If you have been tracking this blog, you may have noticed that my rate of posting has going down recently. (Thanks for noticing!)
I have been busy doing my “real job”, working to complete the next release of Microsoft Forecaster.
It is during times like these that I’m reminded of how incredibly isolating focused, technical work can be.
I’ve experienced this before on other projects: I’m busy cranking out functionality—coding, testing, debugging—and I know so little about what is going on in the world around me: From the weekend plans of my cube neighbor (yes, I do have a cube), to what my spouse is thinking and experiencing, to the latest Microsoft releases (see http://www.microsoft.com/presspass/press/2006/sep06/09-14ZuneUnveilingPR.mspx), to the latest happenings in the world (see http://www.msnbc.com).
It is as if I am spending time in the monastery of the technical, working to produce my unique and (hopefully) perfectly correct copy of the application gospel. (See http://medievalwriting.50megs.com/word/bigbible2.htm.)
For me, the engineer, this time problem is very challenging because I want the “correct” answer. It seems “correct” to focus on cranking out the code to deliver the next generation of Microsoft Forecaster better and sooner. But, somewhat in opposition to that, it doesn’t seem “correct” in our age of interconnection to lose connection to the extent that I do.
I am sure that there are those of you out there who will point-out that there are many allocations of time that would address both in varying degrees. The answer is not binary.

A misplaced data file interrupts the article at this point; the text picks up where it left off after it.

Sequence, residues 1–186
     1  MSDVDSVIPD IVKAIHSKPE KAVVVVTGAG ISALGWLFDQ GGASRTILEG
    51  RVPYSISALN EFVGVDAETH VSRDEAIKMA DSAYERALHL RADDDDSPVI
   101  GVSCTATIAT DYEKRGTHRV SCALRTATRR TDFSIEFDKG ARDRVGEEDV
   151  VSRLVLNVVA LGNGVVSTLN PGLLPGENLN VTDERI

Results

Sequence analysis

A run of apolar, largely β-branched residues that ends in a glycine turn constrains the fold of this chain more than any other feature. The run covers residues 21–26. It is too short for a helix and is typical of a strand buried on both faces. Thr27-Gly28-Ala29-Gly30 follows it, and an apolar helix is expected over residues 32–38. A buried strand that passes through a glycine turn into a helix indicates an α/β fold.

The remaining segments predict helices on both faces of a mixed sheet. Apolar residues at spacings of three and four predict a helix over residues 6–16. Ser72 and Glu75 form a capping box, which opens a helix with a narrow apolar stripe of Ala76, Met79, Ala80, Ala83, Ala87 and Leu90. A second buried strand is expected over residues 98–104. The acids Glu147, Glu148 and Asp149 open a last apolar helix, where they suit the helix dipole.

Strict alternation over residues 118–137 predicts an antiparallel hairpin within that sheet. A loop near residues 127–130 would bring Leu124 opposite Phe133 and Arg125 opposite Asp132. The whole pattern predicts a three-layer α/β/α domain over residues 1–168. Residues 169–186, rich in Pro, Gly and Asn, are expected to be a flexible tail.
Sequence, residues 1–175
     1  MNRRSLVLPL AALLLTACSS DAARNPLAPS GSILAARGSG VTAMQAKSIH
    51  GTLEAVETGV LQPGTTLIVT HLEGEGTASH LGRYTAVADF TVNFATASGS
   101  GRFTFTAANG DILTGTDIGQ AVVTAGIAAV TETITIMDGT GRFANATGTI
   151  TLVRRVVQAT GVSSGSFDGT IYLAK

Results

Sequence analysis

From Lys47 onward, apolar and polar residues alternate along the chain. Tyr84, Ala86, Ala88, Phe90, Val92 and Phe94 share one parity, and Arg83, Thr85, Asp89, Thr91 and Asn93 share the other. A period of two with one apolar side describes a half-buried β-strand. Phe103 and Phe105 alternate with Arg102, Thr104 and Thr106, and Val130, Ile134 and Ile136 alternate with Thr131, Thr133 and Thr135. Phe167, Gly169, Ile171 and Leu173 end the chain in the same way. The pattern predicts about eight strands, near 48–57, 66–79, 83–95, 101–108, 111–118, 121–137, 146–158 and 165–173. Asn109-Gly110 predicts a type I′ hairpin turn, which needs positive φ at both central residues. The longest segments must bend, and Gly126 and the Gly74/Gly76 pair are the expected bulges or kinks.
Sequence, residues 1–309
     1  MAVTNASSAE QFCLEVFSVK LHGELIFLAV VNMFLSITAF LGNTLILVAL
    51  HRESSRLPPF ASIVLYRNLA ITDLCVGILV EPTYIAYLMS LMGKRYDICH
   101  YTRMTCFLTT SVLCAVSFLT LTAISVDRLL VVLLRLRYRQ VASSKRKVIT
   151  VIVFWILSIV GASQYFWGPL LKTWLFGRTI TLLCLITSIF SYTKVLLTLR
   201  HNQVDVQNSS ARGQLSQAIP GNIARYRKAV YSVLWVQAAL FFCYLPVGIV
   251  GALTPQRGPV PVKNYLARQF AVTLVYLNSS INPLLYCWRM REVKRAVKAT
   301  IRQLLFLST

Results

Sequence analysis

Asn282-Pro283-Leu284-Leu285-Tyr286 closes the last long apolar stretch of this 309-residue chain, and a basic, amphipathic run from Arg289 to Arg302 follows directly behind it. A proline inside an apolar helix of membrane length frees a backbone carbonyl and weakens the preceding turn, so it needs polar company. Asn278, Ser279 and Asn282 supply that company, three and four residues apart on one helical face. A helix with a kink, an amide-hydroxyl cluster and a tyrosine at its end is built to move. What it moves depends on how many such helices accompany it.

This is also a challenge to me, for I share that renaissance monk’s goal of creating scripture (code) that is perfect—for the ages.
So, I toil away, keeping a constant eye on my keyboard calligraphy and ensuring that my writings properly reflect my scriptural requirements.
If a Johann Gutenberg (see http://www.newadvent.org/cathen/07090a.htm) ever comes to the world of application development, removing the requirement of hand-coding, he will truly revolutionize my life as well as our application development society.
By the way, if you are interested in some history and background on monastic script, see http://www.christdesert.org/noframes/script/history.html. This page is from a modern monastery that still creates books by hand. (See http://www.christdesert.org/).
By the way, if you are interested in some history and background on monastic script, see